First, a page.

Even the computer is losing the DVD drive. Current Mac models don’t come with any type of optical drive. Tablets and smartphones also are disc-free. As desktops lose ground to tablets, the DVD will join the floppy disk, Zip drive and tape backup.

The Pawn Shop Effect

The best way to watch the DVD market is to watch the resale of the DVD. Major chain Pawn America runs a special on Tuesdays for DVDs. In May, they started special events where DVD movies only cost $1.

While newer titles might fetch your more, if you pawn a DVD title, they will most likely buy it at .10 cents so they can make .90 cents.

With all these factors (along with others such as DVR technology and flash drives), 2014 looks to be the year we finally lay the DVD optical disc format to rest. Blu-Ray discs still have value, but the DVD player will definitely be placed with the old TV and VCR down in the basement or garage.

Wal-mart and Movies in the Cloud

Ultraviolet This past week Wal-Mart announced exclusive disk to digital service using Vudu. The way it works is the consumer would bring down his or her DVDs or Blu-ray discs to their local Wal-Mart. Wal-Mart would then create a digital copy of that disc on Vudu.  Vudu is a content delivery network which is available through over 300 devices including PlayStation 3 and Xbox 360. This is the first attempt to introduce the UltraViolet system to the public on a large-scale. The Ultraviolet system works like a locker in the cloud . It was created in 2008 by most major Hollywood studios and their partners . Consumers store the digital rights to the DVDs they own in this locker. They then can watch the movie on any device that carries Vudu. The UltraViolet system can handle a multiple number of DRM technologies, which Hollywood continues to support. However so far consumers have not looked favorably upon the UltraViolet system so this is the first really big test to see if this system can work or not.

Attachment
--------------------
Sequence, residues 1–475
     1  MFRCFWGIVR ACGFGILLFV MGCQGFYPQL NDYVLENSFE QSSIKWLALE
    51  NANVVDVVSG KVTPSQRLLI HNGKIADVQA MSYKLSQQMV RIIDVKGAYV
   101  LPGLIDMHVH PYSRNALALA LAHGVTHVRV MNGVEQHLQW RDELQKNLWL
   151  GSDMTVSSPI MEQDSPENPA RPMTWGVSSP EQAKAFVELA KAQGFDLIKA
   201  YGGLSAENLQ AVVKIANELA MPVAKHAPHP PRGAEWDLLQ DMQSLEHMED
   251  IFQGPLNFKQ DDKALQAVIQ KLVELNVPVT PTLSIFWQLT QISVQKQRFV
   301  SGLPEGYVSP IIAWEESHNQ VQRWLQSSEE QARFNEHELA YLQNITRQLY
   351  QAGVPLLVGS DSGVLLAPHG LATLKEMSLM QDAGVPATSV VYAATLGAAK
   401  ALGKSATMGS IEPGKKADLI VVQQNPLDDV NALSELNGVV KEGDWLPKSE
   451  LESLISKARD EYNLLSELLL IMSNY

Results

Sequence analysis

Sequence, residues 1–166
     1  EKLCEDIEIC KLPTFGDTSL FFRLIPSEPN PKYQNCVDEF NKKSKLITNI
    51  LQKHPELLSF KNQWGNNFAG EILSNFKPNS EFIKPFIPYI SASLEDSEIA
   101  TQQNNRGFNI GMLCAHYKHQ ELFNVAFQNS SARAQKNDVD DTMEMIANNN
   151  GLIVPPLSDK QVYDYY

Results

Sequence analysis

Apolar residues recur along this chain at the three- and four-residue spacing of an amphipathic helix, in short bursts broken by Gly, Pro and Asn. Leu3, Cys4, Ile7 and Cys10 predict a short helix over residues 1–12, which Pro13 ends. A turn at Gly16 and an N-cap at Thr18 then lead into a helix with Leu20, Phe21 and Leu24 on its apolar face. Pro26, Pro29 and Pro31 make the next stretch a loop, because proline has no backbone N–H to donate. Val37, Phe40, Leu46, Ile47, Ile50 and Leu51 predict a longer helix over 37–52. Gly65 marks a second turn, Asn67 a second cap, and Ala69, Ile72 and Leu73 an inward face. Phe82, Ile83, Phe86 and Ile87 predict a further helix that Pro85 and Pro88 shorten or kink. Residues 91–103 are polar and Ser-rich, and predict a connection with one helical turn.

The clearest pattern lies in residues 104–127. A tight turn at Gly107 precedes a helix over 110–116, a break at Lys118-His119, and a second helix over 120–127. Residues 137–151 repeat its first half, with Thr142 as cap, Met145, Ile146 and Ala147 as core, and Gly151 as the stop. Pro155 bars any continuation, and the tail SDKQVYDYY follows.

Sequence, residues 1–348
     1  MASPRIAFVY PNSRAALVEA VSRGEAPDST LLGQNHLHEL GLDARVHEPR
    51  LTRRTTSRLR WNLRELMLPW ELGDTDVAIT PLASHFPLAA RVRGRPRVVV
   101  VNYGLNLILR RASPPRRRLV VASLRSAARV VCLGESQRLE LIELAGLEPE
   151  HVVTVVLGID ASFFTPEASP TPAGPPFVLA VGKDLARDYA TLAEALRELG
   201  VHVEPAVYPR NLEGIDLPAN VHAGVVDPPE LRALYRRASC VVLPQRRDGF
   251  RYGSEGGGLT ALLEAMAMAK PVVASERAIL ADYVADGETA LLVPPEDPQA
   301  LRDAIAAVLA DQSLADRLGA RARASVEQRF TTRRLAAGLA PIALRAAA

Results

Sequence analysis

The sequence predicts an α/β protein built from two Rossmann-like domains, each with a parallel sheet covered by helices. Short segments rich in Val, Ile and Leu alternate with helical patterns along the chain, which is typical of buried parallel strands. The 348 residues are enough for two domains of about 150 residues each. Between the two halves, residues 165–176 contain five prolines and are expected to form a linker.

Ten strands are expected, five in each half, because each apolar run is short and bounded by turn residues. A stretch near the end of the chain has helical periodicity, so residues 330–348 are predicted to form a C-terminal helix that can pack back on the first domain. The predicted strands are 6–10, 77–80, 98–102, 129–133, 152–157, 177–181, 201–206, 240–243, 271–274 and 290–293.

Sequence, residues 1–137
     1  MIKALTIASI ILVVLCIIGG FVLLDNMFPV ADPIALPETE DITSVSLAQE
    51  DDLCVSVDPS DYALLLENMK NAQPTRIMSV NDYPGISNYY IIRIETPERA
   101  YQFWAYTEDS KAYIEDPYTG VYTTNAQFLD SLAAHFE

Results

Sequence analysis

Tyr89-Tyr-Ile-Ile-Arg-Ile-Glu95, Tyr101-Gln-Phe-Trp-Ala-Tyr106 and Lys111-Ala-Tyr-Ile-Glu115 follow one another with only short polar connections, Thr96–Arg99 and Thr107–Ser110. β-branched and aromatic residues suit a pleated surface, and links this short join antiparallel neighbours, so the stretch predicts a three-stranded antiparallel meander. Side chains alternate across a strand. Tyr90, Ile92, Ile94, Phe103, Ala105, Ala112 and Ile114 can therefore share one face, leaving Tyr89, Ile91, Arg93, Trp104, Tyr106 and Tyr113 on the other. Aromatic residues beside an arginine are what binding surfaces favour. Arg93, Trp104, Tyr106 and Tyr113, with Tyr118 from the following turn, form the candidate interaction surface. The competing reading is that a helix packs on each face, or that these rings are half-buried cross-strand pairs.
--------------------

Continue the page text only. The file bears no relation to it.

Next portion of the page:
I see several problems with this system the first is that you physically have to bring your DVDs or Blu-ray disc down to local Wal-Mart and stand in line, how many people are going to do this. The second is it does not work with all movies in fact any movie distributed by Disney cannot be added. Disney is not a part of the UltraViolet consortium. Third you can’t watch the movie on a iPad or iPhone,(except in the Safari browser) remember Steve Jobs was on the Disney board and iTunes is a competitor to Vudu.  Fourth you are putting it in a locker that someone else controls, Which means at any time they can change the combination or take away the key or close the whole system down and you have no say in it. Also you don’t get any of the extras and no subtitles on English films. Fifth most movies especially older ones are already available through other means such as Netflix or Amazon or iTunes often at a cheaper rate. Sixth if you want to watch the movie on your computer it will be in standard definition, not full HD. Finally most sophisticated users already have ways to rip their DVD’s without having to carry them down to the local Wal-Mart and stand in line. I will be surprise if this is successful, sophisticated tech users will not use it and normal will not understand or trust it. I wonder if Wal-Mart will offer this automatically when you purchase a new DVD or BLu Ray, that may help add to its popularity.  Will you use this system, will your parents, or is dead before it gets off the ground?